The book displayed in the opening credits is John Harries’ real book of spells (courtesy of the National Library of Wales). The occult symbol and ritual featured in the film were also taken directly from his book.
Interview with the film’s creator Ali Cook
Ali Cook is best known for playing Sgt. Paul McMellon in the BAFTA nominated Kajaki which won the Producer of The Year Award at the 2015 BIFA awards.
His TV career started on the Channel 5 sketch series, The Jerry@ Trick Show, with comedians Jerry Sadowitz and Phil Nichol. Andrew Newman, then Head of Comedy at Five, spotted Cook during tapings which led to him writing and starring in seven of his own series for Channel 4, Channel 5 & Sky1.
His series Dirty Tricks, on Channel 4, was nominated for a British Comedy Award. Recent TV credits include: Mr Selfridge (ITV1), Emmerdale (ITV1) and The ABC Murders (BBC1).
Ali is currently starring alongside Katherine Parkinson in the political satire How to Fake a War, directed by Rudolph Herzog, produced by Film and Music Entertainment. Recently, he rewrote the thriller Get Lucky for Universal, the West End show Impossible for JHP and an adaptation of Cassandra at the Wedding by Dorothy Baker for FAME.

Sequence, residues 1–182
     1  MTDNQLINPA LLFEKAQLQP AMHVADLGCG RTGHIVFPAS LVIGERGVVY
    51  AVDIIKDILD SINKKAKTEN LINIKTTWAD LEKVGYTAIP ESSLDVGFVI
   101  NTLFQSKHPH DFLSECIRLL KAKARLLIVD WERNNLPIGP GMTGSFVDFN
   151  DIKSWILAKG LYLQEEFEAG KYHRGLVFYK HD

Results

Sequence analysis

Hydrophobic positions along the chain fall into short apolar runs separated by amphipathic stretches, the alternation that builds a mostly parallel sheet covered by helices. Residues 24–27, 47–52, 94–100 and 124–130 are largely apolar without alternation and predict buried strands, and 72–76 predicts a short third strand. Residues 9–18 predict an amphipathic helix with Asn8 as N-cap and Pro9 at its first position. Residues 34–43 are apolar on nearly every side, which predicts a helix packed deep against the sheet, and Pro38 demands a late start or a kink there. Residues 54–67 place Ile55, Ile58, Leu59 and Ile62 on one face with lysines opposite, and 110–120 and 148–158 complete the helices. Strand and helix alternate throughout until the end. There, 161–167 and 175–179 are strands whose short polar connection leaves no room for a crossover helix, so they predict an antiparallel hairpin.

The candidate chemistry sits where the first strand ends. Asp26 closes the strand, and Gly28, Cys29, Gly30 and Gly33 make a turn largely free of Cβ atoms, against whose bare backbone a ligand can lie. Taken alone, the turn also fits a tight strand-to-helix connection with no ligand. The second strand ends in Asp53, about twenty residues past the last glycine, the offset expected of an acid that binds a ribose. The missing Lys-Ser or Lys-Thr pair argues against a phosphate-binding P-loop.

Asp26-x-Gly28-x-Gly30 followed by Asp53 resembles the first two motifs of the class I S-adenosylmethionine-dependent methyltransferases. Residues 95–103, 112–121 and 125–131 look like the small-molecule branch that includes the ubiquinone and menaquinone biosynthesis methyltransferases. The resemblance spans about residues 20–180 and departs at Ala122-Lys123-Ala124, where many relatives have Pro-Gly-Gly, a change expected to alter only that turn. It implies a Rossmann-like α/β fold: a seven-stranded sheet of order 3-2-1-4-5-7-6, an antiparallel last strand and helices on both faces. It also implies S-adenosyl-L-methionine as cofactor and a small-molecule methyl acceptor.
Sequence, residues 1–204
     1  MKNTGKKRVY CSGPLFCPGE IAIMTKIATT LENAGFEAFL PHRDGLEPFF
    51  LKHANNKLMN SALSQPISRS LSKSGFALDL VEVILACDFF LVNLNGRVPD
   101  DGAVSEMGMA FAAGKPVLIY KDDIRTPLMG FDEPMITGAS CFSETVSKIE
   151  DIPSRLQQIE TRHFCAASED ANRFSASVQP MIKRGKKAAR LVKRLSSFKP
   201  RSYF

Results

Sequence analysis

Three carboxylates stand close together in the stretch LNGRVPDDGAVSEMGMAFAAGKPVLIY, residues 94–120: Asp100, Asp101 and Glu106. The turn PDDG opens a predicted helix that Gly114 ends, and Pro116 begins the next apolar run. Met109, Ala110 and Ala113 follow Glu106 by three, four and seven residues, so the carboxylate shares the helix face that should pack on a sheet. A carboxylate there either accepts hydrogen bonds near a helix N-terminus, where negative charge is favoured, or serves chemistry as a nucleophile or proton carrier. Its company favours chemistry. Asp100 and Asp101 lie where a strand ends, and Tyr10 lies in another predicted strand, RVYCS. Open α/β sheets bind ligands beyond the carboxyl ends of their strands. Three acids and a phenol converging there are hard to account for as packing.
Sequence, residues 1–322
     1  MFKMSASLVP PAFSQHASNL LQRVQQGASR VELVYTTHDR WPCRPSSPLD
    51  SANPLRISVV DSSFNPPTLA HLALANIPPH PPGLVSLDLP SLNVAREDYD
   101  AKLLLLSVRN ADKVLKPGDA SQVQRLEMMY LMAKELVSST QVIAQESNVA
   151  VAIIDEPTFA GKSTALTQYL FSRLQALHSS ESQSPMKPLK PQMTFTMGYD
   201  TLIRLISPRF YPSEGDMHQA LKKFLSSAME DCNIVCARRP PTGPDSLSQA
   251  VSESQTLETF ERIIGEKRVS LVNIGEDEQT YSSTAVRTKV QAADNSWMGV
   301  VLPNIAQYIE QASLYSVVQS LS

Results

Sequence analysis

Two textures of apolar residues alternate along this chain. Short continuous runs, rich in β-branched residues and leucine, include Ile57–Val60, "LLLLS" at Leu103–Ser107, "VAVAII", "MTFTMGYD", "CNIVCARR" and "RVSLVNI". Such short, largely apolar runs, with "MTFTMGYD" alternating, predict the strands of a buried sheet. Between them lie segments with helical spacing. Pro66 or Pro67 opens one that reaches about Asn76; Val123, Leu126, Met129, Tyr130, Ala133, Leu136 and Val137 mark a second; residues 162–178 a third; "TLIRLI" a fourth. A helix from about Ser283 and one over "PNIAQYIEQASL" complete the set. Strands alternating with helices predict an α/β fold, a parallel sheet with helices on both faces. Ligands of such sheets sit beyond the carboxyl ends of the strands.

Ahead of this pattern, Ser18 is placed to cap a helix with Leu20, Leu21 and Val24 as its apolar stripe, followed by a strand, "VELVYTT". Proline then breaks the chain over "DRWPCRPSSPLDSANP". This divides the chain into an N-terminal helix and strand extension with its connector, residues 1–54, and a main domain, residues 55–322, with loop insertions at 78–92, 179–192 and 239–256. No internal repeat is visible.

Ali grew up working in his mother’s new age bookstore in Yorkshire – this unusual background led him to create his unique voice which combines the history of religion with humour as seen in The Cunning Man.
What inspires you as a filmmaker, writer, actor and producer?
I’ve been a professional Magician for twenty years and when a magic show is done really well, it gives the audience a sense of astonishment and a feeling of wonder. I wanted to try and transfer that same feeling of wonder from a live show to film.
I have a love for the history of magic and often write stories based on real English folklore and magic.
Where did the idea of “The Cunning Man” come from?
My collaborator Zoë Dobson said – I have an image of a mysterious man, walking down a country lane, holding a dead dog… Why?
I instantly thought he could be a Cunning Man – a Cunning Man is an old English name for a local doctor who would use conventional medicine and folklore magic on both humans and animals.
Why is telling this story so important to you and why are you the best person to tell it?
We both grew up on a farm and the death of innocent animals is something you become familiar with. It is forever brutal and often hard to reconcile. Creating our own ‘Cunning Man’ Afran Harries, gave us the opportunity to play at being a wizard: to do the ‘impossible’.